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African Archaeological Review

, Volume 30, Issue 4, pp 339–366 | Cite as

New Pathways of Sociopolitical Complexity in Southern Africa

  • Shadreck Chirikure
  • Munyaradzi Manyanga
  • Innocent Pikirayi
  • Mark Pollard
Review Article

Abstract

Much is known about the economy and spatial organization of Zimbabwe culture entities of Mapungubwe, Great Zimbabwe and Khami but less in terms of their origins and relationship with each other. Based on little tangible evidence, it is believed and widely accepted that the societies based at Mapungubwe (ad 1220–1290), Great Zimbabwe (ad 1300–1450) and Khami (ad 1450–1820) rose, developed and eclipsed in tandem. A recent reexamination of the relationship between these settlements and related ones using local ceramics, imported artefacts, stone architecture and Bayesian modelling suggests this may not have been the case. The synthesis proffered revelations which temper the widely accepted assumption that sociopolitical complexity in southern Africa began in the Shashi-Limpopo Valley before anywhere else in the region. Firstly, there are numerous Zhizo and Leopard’s Kopje sites that predate Mapungubwe but contain prestige goods and stone structures dating from the late first millennium ad. Secondly, material culture studies and modelled radiocarbon dates indicate that Great Zimbabwe evolved out of Gumanye while Khami, like Mapungubwe, may have developed out of the Leopard’s Kopje. In fact, Great Zimbabwe was already a place of importance when Mapungubwe collapsed. Thirdly, Khami and Great Zimbabwe overlapped for over a century, before the latter buckled. Therefore, the evolution of sociopolitical complexity in southern Africa may have followed trajectories that are different from what the current understanding implies.

Keywords

Zimbabwe culture Sociopolitical complexity Southern Africa Great Zimbabwe Khami Mapungubwe 

Résumé

Nous savons beaucoup de choses à propos de l’organisation spatiale et de l’économie des entités culturelles Zimbabwéennes de Mapungubwe, Great Zimbabwe et Khami, mais peu sur leurs origines et leurs relations. Selon le peu de données disponibles, Mapungubwe (1220–1290 ap. J-C), Great Zimbabwe (1300–1450 ap. J-C) et Khami (1450–1820 ap. J-C) auraient été fondés, se seraient développés et se seraient effondrés successivement. De récentes recherches ont exploré les relations entre ces différents sites ainsi que ceux qui y sont rattachés, en étudiant les céramiques locales, les objets importés, la typologie des murs de pierres et notamment les préférences résidentielles, et la modélisation Bayesienne. La synthèse permet de tempérer la vision dominante selon laquelle la complexité sociopolitique dans le Sud de l’Afrique a commencé dans la vallée du Shashi-Limpopo, avant tout autre site dans la région. Tout d’abord, il y a de nombreux sites antérieurs à Mapungubwe, Zhizo et Leopard’s Kopje, avec des biens de prestige et des fortifications en pierre datant de la fin du premier millénaire ap. J-C. Ces caractéristiques seraient apparus à K2 et Mapungubwe dans la dépression du Limpopo. Deuxièmement, la culture matérielle et les datations carbones indiquent que Great Zimbabwe était déjà un lieu important quand Mapungubwe s’est effondré. Enfin, Khami et Great Zimbabwe coexistent pendant plus d’un siècle, avant que ce dernier ne tombe en déchéance. Par conséquent, la complexité sociopolitique dans le Sud de l’Afrique a probablement emprunté des trajectoires différentes de celles qui sont actuellement tracées avec les connaissances disponibles.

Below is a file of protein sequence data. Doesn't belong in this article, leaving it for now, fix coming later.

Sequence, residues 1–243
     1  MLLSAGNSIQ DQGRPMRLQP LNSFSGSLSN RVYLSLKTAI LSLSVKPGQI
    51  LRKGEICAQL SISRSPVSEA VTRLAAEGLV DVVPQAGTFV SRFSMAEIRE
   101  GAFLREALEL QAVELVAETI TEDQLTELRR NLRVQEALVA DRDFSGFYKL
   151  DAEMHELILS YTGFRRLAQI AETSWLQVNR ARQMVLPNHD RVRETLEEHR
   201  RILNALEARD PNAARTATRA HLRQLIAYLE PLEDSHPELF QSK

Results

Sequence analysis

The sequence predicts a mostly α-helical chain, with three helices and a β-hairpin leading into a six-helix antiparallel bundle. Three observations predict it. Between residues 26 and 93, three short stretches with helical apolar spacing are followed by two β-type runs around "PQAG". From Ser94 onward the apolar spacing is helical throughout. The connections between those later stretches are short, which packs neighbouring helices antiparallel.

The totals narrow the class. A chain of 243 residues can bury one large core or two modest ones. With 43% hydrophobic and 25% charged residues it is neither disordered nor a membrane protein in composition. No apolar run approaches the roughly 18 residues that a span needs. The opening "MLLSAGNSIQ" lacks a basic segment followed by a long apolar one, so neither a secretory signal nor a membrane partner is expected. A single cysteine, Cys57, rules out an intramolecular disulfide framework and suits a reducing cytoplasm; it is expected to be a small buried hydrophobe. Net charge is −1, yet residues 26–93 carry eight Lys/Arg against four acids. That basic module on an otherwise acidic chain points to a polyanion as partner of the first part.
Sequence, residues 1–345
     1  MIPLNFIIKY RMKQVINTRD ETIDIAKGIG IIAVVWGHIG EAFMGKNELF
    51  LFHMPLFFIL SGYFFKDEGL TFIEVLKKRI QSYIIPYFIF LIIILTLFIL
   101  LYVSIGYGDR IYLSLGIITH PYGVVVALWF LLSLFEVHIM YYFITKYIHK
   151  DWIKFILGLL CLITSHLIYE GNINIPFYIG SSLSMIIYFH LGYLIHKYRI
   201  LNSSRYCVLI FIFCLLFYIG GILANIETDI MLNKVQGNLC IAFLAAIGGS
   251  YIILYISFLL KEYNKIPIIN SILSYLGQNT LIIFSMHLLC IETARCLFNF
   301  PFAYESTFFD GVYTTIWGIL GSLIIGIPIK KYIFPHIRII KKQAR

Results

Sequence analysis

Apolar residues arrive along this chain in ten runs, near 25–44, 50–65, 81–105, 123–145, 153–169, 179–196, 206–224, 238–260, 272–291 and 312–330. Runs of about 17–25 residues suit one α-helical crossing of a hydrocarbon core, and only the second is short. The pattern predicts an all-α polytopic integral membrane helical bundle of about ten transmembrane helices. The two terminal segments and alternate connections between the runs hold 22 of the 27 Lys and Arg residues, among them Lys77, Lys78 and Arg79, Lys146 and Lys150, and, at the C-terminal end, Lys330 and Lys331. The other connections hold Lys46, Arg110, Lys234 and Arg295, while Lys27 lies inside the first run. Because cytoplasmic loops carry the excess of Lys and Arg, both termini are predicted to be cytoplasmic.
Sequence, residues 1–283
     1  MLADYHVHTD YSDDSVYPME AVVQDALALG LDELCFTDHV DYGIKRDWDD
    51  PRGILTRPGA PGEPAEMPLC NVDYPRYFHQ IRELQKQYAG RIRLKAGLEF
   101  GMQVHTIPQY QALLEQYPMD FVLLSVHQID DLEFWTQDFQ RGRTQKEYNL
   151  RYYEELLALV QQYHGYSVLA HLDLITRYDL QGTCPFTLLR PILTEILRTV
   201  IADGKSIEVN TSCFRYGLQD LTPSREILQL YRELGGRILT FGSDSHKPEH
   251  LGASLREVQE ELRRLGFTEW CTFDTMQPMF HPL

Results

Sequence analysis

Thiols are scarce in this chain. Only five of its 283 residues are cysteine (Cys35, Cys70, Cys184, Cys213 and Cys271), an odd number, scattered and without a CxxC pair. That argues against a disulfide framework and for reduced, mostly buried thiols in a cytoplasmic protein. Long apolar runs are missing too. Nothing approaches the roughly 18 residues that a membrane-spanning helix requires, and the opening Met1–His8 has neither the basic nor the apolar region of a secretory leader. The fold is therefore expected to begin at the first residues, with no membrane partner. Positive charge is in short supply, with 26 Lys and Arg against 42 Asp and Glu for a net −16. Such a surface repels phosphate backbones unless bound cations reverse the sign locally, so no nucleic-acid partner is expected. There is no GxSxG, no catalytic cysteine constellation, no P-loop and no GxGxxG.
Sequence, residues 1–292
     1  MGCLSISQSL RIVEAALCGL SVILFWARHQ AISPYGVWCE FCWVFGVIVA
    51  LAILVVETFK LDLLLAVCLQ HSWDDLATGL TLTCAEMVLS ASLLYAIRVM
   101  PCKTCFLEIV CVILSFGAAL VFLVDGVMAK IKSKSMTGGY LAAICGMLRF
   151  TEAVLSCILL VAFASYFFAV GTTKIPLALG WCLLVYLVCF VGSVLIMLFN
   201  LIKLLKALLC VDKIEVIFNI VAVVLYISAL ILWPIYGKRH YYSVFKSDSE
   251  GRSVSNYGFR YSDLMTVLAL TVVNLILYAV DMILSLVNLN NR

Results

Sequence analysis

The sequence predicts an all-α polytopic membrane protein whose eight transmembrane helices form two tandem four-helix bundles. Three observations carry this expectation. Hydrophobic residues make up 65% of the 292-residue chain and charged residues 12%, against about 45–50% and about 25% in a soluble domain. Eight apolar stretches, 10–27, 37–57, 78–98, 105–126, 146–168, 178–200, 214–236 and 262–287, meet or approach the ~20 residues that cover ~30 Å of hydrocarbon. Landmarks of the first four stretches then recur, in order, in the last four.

Notes

Acknowledgments

Financial support from the National Research Foundation of South Africa (Bluesky Research Grant: 85892) and the Programme for Enhancement of Research Capacity (PERC) of University of Cape Town Research Office is acknowledged with sincere gratitude. The research at Khami, Mapela and Great Zimbabwe was carried out under a permit from the National Museums and Monuments of Zimbabwe (NMMZ). We thank Dr. Mahachi, the Executive Director of NMMZ, for his generosity and goodwill. Our thanks also go to Simon Hall, Foreman Bandama, Abigail Moffett and two anonymous reviewers, who provided tremendous comments that enhanced the quality and scope of this paper. Special thanks also go to the editor, Adria LaViolette, for additional insights.

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Copyright information

© Springer Science+Business Media New York 2013

Authors and Affiliations

  • Shadreck Chirikure
    • 1
  • Munyaradzi Manyanga
    • 1
  • Innocent Pikirayi
    • 2
  • Mark Pollard
    • 3
  1. 1.Cape TownSouth Africa
  2. 2.University of PretoriaPretoriaSouth Africa
  3. 3.Oxford UniversityOxfordUnited Kingdom

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